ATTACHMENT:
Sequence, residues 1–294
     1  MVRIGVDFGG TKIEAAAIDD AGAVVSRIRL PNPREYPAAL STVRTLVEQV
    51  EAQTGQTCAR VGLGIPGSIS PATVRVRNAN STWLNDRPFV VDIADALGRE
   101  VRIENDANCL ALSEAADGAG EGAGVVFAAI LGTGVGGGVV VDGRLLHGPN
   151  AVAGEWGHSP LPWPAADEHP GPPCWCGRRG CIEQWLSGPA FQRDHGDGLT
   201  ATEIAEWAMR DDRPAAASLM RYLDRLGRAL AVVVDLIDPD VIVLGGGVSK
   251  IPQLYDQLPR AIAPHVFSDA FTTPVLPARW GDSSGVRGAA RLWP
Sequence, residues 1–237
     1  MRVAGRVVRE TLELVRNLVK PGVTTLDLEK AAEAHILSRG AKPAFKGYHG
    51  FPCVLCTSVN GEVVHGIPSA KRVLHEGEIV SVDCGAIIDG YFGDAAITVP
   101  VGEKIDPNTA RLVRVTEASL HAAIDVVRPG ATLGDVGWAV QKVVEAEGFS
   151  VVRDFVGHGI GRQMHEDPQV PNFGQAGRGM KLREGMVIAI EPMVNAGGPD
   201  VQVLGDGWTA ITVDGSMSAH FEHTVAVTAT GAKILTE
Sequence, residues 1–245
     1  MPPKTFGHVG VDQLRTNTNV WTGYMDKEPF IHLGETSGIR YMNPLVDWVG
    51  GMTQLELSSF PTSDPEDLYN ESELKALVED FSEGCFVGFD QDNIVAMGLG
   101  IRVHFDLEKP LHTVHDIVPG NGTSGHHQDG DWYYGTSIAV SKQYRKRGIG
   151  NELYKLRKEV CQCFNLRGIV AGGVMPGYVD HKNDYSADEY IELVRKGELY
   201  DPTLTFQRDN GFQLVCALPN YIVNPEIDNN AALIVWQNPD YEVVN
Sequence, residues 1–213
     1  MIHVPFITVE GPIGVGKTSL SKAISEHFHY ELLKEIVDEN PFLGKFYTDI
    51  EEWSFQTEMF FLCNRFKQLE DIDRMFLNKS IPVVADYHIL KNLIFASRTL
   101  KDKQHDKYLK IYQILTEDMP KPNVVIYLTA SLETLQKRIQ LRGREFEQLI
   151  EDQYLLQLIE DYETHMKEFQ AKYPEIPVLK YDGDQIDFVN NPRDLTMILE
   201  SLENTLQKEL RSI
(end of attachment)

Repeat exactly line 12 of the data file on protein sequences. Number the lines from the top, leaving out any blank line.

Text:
   151  VVRDFVGHGI GRQMHEDPQV PNFGQAGRGM KLREGMVIAI EPMVNAGGPD